What the Pip System specializes in is having the ability to be run by any group and enjoyed by anyone. We’ve had groups who have played very serious-toned games with the Pip System, full of blood and guts and battles, at the same cons where other groups used the Pip System for more family-styled games, like mermaids, bugs, or magical campers. The core mechanics that make up the Pip System are easily-adaptable, customizable, and more complex than they might appear on the surface. See Pip System Basics.
When someone thinks about traditional RPGs, a few things come to mind: min-maxing, attaining new levels of mastery, awesome powers, numbers to crunch, and engaging combat.
- attaining new levels of mastery
- awesome powers
- numbers to crunch
- engaging combat
Min-maxing still occurs, but on a smaller scale. It becomes a question of how the player can manipulate the story to gain more dice, instead of just looking at their sheet to dictate what they can and can’t do. There are many levels of mastery, especially as you learn to mix and match all the different setting additions together. The system is so flexible that setting crossovers will be commonplace, with mermaids hanging with monster hunters and wizards. There are a variety of abilities and powers for characters, from magic to special companions, to magical weapons and armor. Conflict in the Pip System encourages changing tactics and engaging with the story to enhance the scene. The Pip System has all of these things (except for a ton of number crunching), but boils each thing down to its basic components to make it more digestible. So easy, a kid could play it.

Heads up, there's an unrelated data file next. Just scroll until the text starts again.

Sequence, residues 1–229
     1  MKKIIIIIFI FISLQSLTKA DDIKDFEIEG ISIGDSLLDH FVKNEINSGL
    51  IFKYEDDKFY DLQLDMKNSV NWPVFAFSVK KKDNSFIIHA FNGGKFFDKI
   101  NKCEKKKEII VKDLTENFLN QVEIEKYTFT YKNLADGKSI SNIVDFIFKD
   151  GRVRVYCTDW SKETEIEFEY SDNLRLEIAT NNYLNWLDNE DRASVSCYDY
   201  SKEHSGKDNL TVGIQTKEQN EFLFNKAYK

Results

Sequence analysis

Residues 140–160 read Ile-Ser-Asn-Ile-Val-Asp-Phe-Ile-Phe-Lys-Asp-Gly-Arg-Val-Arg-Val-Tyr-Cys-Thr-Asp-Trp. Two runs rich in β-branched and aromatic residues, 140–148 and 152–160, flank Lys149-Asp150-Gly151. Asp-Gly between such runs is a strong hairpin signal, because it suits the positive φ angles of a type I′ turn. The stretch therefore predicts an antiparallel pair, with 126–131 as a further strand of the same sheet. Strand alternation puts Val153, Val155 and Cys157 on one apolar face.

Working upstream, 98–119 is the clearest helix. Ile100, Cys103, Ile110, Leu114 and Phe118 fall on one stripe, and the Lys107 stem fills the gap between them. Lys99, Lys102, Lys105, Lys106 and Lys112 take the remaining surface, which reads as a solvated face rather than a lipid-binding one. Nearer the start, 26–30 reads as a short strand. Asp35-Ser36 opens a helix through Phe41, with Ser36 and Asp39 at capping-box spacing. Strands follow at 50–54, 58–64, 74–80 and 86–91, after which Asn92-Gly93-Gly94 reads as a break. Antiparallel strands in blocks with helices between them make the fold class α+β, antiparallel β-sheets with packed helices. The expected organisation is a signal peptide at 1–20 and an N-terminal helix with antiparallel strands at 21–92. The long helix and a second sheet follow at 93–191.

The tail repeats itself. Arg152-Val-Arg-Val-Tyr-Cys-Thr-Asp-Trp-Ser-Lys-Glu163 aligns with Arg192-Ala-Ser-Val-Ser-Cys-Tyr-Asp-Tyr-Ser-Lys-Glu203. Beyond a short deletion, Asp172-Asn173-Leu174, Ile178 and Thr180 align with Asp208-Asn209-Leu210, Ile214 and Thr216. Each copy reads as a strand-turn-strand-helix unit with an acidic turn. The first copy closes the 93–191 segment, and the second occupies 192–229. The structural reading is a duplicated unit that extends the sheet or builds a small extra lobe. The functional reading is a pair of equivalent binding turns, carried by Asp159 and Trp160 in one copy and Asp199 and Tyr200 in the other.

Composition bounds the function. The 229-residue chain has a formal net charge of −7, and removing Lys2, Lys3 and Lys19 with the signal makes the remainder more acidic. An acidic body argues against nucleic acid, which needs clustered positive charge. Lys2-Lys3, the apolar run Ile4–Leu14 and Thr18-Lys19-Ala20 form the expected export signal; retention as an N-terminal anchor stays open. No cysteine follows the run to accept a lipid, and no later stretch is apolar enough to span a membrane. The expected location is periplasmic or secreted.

Now I know what you’re saying, “My kid is 8 and plays D&D with me all the time” or “My kids took to Savage Worlds really easily,” and I think that’s awesome! However, the Pip System was created and designed with the intent purpose of catering to everyone at the table. To be approachable for a newcomer of any age, without the need for a lot of assistance. For the most part, there isn’t a rule that kids get better than adults or vice versa. I’ve had parents grab Pip System games to play with their kids for the first time. Some kids are able to pick up our books, read them, and run games for their families. Not only are they encouraged to do this by their family or friends, but also by the book which acts as an instruction manual for GMing. It can be used as a stepping stone to the next big, more traditional game, or it players can simply expand upon the Pip System itself to add complexity.
The goal of the Pip System Corebook we are developing is to come up with a core set of rules that anyone can pick up, play, and love, regardless of age, and regardless of experience in the RPG hobby. Hopefully, you’ll join our Kickstarter efforts when they launch on March 7, 2017!